The Story of Larsen's Steak
Traditional quality steakhouses serve mostly USDA Prime corn-fed beef. A few premier steakhouses dry age their beef on premise for up to twenty-one days. Larsen’s does better. Larsen’s Steakhouse requires four to six weeks of aging in a unique, large facility, providing a special sanitized environment. Only a fraction of beef is dry aged well. That’s why Larsen’s requires a highly skilled butcher to be at the location at all times to monitor airflow, temperature, and humidity. During dry aging, the prime meats’ natural enzymes act as soothing tenderizers. At the same time, moisture evaporation improves the supple texture and hearty taste of the meat, making it richer and more buttery. Dry aging continues until a thin coating develops on the meat surface. This coating seals in flavor and juice, and is later trimmed off.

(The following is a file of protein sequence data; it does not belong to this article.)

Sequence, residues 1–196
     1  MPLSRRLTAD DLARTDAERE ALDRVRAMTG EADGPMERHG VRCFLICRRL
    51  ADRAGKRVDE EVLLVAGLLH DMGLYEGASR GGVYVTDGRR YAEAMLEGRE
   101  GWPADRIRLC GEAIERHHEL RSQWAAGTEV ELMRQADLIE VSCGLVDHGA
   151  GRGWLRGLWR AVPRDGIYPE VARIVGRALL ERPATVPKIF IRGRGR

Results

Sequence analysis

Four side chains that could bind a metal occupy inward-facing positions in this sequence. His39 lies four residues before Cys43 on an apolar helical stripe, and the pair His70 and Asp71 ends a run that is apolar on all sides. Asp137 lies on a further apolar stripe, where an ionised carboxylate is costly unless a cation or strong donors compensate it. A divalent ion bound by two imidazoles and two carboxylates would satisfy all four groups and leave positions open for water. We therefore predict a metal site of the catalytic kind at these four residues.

Larsen’s then wet ages its beef for another arduous fourteen days, preserving its flavor of highly marbled, prime grade meat, from exceptional cattle breed. This process is a respected, time-honored technique of preparing high quality beef. It ensures that our guests enjoy the best steak they’ve ever had.
Furthermore, our diligent method of preparation includes slowly searing the meat in its own natural juices at 500 degrees, rather than blast cooking it at 1700 degrees like most steakeries. Why rush your steak? We cook it slower, making it the best steak possible. No exceptions.
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